Make an enquiry or appointment

Please contact Dr Stephanie Barrett’s secretary Kate Picon on:

Tel: 020 7730 8508


Please Bring With You

A referral letter from your GP and any scans/X rays you may have with you at every appointment.

GMC No: 2825957

Bupa: 02825957

AXA PPP: SK00674

 

 

Chelsea Rheumatology Clinic
102 Sydney Street
Chelsea
London
SW3 6NJ

Lister Hospital
Chelsea Bridge Road
London
SW1W 8RH

The London Clinic Consulting Rooms
5 Devonshire Place
London
W1G 6HL

132 Harley Street
132 Harley Street
London
W1G 7JX

As you get used to living with rheumatoid arthritis you may begin to recognise your triggers. Flare-ups often occur due to particular triggers such as illness or stress but this isn’t always the case. There is an unpredictability about the disease which can be frustrating but you can still learn to manage and handle flare-ups in time.

People with rheumatoid arthritis often say they have “good” and “bad” days. Good days are great for getting stuff done but it is hard to know when to stop. Overdoing things on good days can result in flare-ups and additional pain. Pacing yourself is absolutely key to handling rheumatoid arthritis and helps with flare-ups.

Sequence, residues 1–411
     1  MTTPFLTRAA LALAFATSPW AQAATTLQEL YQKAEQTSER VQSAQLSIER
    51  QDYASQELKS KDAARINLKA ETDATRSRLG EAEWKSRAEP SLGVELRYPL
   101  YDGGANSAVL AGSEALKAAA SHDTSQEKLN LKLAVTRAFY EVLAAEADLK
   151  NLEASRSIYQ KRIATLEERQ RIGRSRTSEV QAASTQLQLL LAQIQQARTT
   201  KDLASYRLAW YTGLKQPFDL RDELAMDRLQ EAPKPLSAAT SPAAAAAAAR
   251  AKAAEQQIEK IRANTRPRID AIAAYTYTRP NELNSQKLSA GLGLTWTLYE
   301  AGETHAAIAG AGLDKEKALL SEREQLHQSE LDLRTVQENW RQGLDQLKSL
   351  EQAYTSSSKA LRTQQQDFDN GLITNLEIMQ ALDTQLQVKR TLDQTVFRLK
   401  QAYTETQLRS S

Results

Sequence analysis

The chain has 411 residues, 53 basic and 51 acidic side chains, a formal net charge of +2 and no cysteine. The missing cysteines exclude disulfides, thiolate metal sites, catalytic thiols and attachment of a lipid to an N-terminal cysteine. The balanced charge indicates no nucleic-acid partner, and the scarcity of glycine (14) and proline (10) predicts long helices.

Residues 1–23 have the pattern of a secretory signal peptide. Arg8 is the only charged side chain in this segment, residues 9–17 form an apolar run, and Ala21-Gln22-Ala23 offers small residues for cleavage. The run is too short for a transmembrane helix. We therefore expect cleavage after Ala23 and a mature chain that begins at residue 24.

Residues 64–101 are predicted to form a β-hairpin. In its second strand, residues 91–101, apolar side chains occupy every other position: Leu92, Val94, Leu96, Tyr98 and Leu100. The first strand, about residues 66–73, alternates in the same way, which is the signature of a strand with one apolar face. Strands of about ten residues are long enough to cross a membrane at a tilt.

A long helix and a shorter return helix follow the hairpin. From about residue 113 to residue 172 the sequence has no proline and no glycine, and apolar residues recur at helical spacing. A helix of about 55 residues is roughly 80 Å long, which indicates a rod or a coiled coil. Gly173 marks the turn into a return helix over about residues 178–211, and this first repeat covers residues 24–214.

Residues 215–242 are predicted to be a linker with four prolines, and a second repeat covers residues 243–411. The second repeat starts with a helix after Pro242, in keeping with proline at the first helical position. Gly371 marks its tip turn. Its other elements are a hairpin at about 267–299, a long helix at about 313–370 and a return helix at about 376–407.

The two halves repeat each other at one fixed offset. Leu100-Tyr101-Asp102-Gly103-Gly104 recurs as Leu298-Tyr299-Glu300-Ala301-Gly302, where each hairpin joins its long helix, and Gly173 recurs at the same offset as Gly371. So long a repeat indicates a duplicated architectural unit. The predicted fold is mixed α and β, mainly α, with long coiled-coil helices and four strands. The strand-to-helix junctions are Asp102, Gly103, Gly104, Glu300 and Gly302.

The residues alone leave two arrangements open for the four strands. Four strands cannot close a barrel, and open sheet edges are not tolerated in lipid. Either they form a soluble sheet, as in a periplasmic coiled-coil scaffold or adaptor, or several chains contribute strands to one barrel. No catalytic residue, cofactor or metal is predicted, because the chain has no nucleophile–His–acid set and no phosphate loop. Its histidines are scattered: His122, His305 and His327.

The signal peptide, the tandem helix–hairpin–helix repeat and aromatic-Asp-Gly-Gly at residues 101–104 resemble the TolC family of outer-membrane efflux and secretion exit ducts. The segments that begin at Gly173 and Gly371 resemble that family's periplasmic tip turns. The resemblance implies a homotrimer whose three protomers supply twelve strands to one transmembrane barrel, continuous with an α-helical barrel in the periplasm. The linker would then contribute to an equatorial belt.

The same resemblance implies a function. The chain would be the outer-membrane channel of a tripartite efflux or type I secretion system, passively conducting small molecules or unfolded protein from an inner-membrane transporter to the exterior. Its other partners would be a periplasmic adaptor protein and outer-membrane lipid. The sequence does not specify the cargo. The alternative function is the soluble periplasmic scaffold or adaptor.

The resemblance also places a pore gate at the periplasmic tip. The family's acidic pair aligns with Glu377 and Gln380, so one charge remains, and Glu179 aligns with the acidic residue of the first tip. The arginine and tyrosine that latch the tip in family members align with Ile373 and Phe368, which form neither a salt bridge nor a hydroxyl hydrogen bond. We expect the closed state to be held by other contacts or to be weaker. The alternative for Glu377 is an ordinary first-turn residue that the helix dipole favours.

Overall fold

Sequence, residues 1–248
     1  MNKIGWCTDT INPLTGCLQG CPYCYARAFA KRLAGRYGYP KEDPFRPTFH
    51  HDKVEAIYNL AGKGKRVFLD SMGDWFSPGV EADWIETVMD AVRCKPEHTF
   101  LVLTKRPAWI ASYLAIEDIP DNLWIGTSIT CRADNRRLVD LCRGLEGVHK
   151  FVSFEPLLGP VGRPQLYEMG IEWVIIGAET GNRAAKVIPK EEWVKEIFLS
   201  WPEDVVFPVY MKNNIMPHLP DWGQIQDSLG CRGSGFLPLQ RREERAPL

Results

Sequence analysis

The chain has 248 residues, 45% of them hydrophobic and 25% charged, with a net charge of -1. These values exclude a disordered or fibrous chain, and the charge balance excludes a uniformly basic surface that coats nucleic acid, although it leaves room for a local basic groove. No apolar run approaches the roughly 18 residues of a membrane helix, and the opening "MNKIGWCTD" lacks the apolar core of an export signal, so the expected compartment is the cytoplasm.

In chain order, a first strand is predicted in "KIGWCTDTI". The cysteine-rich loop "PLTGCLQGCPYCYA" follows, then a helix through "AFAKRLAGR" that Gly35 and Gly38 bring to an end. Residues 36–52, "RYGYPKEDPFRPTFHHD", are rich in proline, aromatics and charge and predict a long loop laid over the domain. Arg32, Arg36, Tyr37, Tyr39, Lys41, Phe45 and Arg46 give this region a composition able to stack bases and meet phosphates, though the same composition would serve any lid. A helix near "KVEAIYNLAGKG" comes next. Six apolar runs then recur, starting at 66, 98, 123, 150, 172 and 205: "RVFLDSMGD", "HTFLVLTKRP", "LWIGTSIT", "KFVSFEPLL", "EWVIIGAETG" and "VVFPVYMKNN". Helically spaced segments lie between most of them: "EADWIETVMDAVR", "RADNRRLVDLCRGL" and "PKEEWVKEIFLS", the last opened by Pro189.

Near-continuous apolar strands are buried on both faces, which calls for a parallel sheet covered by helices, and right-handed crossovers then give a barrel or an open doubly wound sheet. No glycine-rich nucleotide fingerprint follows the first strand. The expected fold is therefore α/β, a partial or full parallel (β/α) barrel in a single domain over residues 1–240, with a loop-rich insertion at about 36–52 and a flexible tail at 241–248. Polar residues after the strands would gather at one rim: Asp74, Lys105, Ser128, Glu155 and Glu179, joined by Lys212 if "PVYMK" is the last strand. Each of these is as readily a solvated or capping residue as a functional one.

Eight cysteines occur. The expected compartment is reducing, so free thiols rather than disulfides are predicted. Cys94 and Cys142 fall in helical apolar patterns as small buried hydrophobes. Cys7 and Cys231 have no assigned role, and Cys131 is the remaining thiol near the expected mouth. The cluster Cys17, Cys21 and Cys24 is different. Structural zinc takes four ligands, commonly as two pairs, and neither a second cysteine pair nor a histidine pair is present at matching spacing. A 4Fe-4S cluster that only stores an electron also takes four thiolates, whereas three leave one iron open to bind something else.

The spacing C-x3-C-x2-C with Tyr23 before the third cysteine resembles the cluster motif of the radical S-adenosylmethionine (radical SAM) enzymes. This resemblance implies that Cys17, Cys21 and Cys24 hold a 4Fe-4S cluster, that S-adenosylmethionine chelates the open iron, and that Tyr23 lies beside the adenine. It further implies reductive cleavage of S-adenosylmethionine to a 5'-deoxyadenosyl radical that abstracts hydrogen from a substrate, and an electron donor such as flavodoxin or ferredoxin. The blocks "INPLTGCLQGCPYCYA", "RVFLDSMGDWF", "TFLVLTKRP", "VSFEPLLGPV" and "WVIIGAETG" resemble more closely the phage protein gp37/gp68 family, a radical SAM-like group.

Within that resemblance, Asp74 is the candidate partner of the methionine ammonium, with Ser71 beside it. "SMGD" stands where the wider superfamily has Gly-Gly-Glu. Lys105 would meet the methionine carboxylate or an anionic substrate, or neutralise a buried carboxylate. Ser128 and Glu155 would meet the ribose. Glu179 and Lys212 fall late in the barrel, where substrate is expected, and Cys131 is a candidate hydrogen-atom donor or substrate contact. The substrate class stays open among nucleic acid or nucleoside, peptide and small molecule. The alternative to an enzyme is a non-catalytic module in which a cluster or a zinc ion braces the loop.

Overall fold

Managing Rheumatoid Arthritis

It may seem strange to think of the disease as something you have to manage. However, to remain comfortable, independent and in some cases mobile, you need to consider the condition a manageable part of your life. Flare-ups can be debilitating and if all you need to do is slow down a little, it’s surely worth it?

Knowing when to say know also helps with rheumatoid arthritis flare-ups. Planning your social and work calendars so you can get enough rest is essential to avoid unnecessary pain. Your body needs time to rest and as you recognise this, you’ll be able to enjoy the “good days” more and handle the “bad days” better too.

Painkillers and other prescribed medication is definitely recommended if you’re in pain. Additional therapies like hot and cold compresses can also help with rheumatoid arthritis flare-ups. Keeping a hot water bottle handy is always a good idea.

With a new diagnoses of rheumatoid arthritis it can take time to get to know your body properly. You will learn however and with your medical team supporting you, there is no reason you can’t continue with the majority of your favourite activities, remain independent and enjoy life.